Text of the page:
His post war annotations referred to a meeting on 2nd October 1944 when the Chiefs of staff discuss the foreign office response to the COS paper on the dismemberment of Germany. This paper discussed the possible future and distant threats. The entry for that day includes "The Foreign office could not admit that one day the Russians might be unfriendly."

    A few weeks later Churchill had expressed his anxiety of seeing "that Russian bear sprawled over Europe" and instructed the COS to examine from the military point of view the possibility of driving the Russians back to Russia before the Americans and ourselves demobilized our forces!.

    The paper does outline how the west would need to rearm Germany to face the USSR.
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  8. Harry Ree

    Harry Ree Very Senior Member

    Here is a resume on Operation Unthinkable by Christopher Chant.

    Unthinkable | Operations & Codenames of WWII

    It is obvious looking at the era that it would have been an irrational policy from WSC .It is doubtful that the initiative would not have received the backing of the British public after the long struggle to defeat the Hitler regime and before the Pacific war had been concluded.Stalin had yet to deliver his promise that he would enter the war against Japan after Germany had been defeated.

    The Russians had the benefit of having a manpower advantage of 3 to 1 and any conflict would have to concluded before the winter or the conflict would have been drawn out to be a protracted task. Further the General Election held on 5 July when WSC lost office to Attlee would have been a further consideration whether the initiative would be supported or not.I cannot see the Attlee government supporting the policy.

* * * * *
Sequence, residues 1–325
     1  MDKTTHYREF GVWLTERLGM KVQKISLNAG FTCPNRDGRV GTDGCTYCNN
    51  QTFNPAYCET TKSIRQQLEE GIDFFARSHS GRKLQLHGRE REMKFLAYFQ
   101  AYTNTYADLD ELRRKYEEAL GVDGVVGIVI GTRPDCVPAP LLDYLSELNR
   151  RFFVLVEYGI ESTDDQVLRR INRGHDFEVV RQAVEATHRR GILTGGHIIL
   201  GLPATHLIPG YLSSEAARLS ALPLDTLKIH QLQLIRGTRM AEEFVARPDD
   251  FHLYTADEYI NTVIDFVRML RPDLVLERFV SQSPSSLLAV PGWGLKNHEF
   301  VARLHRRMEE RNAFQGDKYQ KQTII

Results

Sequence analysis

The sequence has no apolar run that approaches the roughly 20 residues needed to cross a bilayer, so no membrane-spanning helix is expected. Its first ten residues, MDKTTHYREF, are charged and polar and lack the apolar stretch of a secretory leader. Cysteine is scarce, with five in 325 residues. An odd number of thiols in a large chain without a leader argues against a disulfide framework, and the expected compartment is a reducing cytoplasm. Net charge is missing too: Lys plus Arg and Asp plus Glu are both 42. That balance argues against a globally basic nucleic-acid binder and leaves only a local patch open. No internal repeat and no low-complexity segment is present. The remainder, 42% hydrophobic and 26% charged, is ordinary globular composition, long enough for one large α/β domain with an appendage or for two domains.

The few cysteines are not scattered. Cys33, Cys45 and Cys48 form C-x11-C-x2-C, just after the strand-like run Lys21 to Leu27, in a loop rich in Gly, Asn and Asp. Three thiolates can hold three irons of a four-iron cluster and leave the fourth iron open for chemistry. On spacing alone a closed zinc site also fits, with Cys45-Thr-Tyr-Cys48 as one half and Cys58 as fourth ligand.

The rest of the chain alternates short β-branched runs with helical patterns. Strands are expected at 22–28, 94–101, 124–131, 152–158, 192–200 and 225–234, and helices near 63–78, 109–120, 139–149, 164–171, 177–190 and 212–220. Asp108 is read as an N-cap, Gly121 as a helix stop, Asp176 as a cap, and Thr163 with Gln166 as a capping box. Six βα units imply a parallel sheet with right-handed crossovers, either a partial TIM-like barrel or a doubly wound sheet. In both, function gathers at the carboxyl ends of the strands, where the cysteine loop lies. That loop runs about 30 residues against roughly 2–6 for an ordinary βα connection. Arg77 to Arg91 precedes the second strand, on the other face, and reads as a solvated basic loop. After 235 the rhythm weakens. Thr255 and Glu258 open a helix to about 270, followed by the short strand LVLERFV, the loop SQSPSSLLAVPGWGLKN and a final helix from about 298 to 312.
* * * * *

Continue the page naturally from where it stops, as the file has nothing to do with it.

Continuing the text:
It has to be said that this was the thoughts of Himmler when in the dying months of the war,he thought he could negotiate a peace with Eisenhower and present himself as a statesman for a future Germany.Himmler's vision was that the Western Powers along with the remnants of the Wehrmacht should prevent Russia from continuing their advance further into western Europe.This reflected the common view of the Hitler regime after the Stalingrad defeat that Germany was engaged in protecting Europe from communist domination.

    Himmler's vision came to nought but the distrust of Stalin continued after the war and became the bedrock for the creation of NATO in 1949.It was thought when Stalin died in March 1953,there would be change of Russian foreign policy from his successor but the distrust continued.

    Post war as tensions remained,the non parity of manpower numbers led to the introduction of battlefield tactical nuclear weapons deployed in Germany by US forces.
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  9. Tom OBrien

    Tom OBrien Senior Member

    So prudent planning question rather than “Churchill wants to attack” Soviet Union?

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  10. ltdan

    ltdan Nietenzähler

    Nothing new in the West
    Arthur L. Smith wrote a book about it already in 1977, decades before the official documents were publicly released.
    Is sometimes used by certain historical revisionists to prove confused hypotheses:
    Arthur L. Smith, Jr. Churchill's German Army: Wartime Strategy and Cold War Politics, 1943–1947 . (Sage Library of Social Research, number 54.) Beverly Hills, Calif.: Sage Publications. 1977. Pp. 158. Cloth $14.00, paper $6.95
    After the dropping of the atomic bombs such map exercises became obsolete anyway
  11. Sheldrake

    Sheldrake The Mayor of London's latest dress code

    Possibly a Churchillian romantic flight of fancy. He was prone to these.

    According to Brooke, the paper was requested on 24 October 1944 after a planning meeting about post war Germany. The Foreign Office refusal to contemplate a hostile USSR may have been the trigger for Churchill to think about the subject. This was a couple of weeks after the failure of the Warsaw uprising, which the Soviets did not help. Churchill had a sense of honour and felt a responsibility to restore the Polish government after the German and Soviet invasion in 1939. This was Britain's reason to go to war. WSC might have wanted to know whether there was an option for Britain and the USA to restore Poland by force.

    Without US support the idea was a predictable dead end.